[The Episcopal News] Jerusalem Archbishop Hosam Naoum delivered an invitation of hope, healing, reconciliation, determination, and hospitality on Nov. 12 to delegates attending the 127th annual meeting of the Diocese of Los Angeles in Riverside.
“We live in a part of the world where the work of reconciliation is very much needed. The ministry of reconciliation is very much at the heart of the not only Palestinian Christian theology, but the theology of Christians in the Middle East. As you know, my people have suffered rate over the past 75 years of displacement and occupation. We don’t call it just and lasting peace for all people,” he told delegates.
“At the same time, we refuse to let hatred and bitterness well within our hearts. Yes, we often feel righteous anger when we see injustice happening, and we are not afraid to speak out against it. That is something as children of God we can do. But that is different than holding hatred in your heart.”
Seeking or extending forgiveness means “we are really at the heart of the Holy One. We are at the heart of God.”
Since 2005, the Diocese of Los Angeles has enjoyed a companion relationship with the Jerusalem diocese, which encompasses 28 congregations and 35 hospitals, schools and other institutions in Israel, Palestine, Lebanon, Syria, and Jordan. It also has “more barbed wire than any other diocese in the world,” according to the Rev. Canon Donald Binder, Naoum’s chaplain, who introduced him.
Humanitarianism is also at the heart of the diocese’s ministry, said Naoum, 49. “You can see that we have more institutions than congregations, because we deeply believe that sharing our Christian faith, sharing the love of Christ to those who are not necessarily Christian is a very important act of reconciliation, of inclusivity,” he said. The diocese operates the Ahli Arab Hospital in Gaza, and the Holy Land Institute for the Deaf in Jordan, ministries representing “the DNA of what we do as the Diocese of Jerusalem.”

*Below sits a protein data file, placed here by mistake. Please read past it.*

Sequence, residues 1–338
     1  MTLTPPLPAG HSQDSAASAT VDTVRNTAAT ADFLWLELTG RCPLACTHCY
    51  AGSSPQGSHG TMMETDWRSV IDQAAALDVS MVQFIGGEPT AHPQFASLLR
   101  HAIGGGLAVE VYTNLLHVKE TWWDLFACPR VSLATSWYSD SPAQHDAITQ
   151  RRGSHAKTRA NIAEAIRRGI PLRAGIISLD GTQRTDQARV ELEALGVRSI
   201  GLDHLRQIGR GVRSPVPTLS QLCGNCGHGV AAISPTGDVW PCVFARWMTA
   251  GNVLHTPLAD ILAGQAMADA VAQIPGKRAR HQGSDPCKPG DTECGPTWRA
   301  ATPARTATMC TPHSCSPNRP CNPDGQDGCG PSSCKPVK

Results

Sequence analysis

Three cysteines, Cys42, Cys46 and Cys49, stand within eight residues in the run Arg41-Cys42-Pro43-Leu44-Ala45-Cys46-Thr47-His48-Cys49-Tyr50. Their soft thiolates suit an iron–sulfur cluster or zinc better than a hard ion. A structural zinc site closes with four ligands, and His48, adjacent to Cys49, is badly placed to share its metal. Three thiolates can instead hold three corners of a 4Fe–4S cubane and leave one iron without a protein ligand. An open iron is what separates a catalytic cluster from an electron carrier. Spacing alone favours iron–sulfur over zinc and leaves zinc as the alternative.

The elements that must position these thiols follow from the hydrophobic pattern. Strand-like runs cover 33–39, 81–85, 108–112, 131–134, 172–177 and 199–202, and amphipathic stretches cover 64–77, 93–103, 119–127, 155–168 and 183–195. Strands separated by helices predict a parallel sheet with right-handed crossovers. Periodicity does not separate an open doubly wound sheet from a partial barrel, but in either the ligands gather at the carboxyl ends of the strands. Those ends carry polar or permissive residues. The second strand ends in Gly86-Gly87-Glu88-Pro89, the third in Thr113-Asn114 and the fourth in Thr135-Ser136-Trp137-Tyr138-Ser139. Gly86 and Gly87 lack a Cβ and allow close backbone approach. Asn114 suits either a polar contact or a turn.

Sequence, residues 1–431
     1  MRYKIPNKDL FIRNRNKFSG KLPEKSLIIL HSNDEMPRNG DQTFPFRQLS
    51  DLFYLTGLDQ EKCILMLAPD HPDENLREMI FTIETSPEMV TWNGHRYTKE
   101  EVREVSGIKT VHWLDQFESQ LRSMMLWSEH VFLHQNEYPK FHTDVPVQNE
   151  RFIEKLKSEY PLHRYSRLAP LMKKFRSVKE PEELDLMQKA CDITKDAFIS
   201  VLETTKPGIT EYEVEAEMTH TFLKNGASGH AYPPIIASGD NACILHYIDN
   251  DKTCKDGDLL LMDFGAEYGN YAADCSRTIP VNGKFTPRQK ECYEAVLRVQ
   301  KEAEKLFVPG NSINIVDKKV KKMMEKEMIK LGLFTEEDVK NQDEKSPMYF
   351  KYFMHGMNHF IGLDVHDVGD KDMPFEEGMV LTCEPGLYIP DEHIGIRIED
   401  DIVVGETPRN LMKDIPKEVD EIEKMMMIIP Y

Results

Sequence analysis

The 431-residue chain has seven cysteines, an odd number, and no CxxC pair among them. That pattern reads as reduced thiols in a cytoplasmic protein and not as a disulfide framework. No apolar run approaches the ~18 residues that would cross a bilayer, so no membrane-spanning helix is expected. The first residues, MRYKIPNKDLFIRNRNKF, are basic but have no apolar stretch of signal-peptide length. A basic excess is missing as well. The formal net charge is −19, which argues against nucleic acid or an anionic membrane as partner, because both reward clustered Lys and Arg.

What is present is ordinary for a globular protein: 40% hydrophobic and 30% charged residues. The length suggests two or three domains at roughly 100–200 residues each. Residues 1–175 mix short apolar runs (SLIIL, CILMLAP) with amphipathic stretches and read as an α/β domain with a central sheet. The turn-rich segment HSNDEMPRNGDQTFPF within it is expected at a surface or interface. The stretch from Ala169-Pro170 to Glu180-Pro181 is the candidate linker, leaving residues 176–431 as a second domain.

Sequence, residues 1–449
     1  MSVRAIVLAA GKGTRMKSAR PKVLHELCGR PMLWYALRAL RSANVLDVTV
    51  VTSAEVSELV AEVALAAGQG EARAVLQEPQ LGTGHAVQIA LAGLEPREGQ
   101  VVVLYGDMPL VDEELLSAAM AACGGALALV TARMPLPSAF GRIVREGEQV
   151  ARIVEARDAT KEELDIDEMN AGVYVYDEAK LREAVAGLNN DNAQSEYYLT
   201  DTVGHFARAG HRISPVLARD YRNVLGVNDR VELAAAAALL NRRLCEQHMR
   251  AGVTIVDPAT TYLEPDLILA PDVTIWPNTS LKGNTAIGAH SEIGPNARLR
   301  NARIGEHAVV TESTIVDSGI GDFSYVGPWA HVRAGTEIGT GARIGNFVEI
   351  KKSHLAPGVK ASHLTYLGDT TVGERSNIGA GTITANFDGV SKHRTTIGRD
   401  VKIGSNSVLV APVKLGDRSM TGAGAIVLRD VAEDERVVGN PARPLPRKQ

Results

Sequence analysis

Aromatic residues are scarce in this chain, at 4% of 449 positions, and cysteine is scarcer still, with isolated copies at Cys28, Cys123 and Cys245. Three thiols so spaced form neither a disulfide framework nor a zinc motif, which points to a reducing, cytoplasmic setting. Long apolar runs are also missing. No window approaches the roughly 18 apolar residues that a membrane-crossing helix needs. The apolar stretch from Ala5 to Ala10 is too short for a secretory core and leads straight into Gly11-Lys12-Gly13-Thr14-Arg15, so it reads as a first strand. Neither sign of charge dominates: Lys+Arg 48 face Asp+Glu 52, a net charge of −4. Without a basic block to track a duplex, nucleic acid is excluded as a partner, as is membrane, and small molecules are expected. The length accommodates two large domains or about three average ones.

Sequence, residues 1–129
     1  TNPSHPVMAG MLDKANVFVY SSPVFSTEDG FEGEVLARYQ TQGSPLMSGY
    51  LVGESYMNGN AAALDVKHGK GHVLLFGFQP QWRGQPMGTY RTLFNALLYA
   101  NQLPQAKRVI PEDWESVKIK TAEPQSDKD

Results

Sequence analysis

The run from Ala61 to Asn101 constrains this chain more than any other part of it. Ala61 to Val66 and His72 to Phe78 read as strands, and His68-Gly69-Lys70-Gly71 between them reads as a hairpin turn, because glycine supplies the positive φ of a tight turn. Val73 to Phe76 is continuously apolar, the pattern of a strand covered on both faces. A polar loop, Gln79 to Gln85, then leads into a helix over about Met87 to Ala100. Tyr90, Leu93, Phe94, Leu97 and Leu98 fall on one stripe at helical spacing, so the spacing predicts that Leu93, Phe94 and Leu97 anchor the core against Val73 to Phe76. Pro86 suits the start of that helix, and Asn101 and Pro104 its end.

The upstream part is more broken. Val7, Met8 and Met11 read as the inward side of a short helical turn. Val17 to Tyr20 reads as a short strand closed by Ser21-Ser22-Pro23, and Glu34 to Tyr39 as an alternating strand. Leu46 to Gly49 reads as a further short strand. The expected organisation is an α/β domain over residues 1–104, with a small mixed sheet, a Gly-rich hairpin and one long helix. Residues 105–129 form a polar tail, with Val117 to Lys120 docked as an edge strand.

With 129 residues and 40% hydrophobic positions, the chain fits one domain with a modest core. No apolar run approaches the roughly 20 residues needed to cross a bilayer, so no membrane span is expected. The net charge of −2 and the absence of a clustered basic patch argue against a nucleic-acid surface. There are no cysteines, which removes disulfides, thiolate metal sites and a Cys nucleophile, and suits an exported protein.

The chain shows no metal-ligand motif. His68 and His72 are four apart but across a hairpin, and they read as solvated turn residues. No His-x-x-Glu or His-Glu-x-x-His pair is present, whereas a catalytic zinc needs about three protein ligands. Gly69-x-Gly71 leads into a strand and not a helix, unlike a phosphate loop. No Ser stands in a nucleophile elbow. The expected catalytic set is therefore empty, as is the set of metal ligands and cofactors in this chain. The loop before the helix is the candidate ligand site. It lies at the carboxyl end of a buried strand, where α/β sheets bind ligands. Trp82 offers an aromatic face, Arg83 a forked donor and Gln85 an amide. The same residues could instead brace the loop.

His invitation to delegates to visit elicited both applause and laughter: “Please do come and see for yourself, to be with your sisters and brothers in the land of the Holy One,” Naoum said. “We are less than 2% at the moment of the whole population, but I always say that with the number of Christian pilgrims who come to Jerusalem it goes up to 50%.”
Challenged, yet determined
As an Israeli citizen, Naoum, who studied at Rhodes University in Grahamstown, South Africa, and was mentored by Anglican Archbishop Desmond Tutu, and at the Virginia Theological Seminary, told delegates he must apply for a visa three weeks in advance before making a pastoral visit outside Israel. Israeli citizens are typically prohibited from entering Syria, Lebanon and a number of other Middle Eastern countries.
The daily challenges of navigating borders, and military checkpoints have caused many Christians to leave, “but this doesn’t mean that we give in or surrender,” Naoum said. More recently, right-wing extremist Jewish settlers have been accused of trying to remove the Christian and Muslim presence from Jerusalem.
“It’s where we are at the moment,” Naoum said. “We know that Jerusalem continues to be a very special place, not only for Palestinians, but also for Jews and Muslims. But … some people want to change, … that characteristic of Jerusalem being a shared city for all, with freedom of worship to every culture, and every religion.
“There are so many divisions, there are so many issues that we tackle every day. But, at the same time, we have faith, and we have hope that we shall overcome. We have hope that things will be made right.”
A video of Naoum’s address is here.
A message for Palestinians and Arabs living in California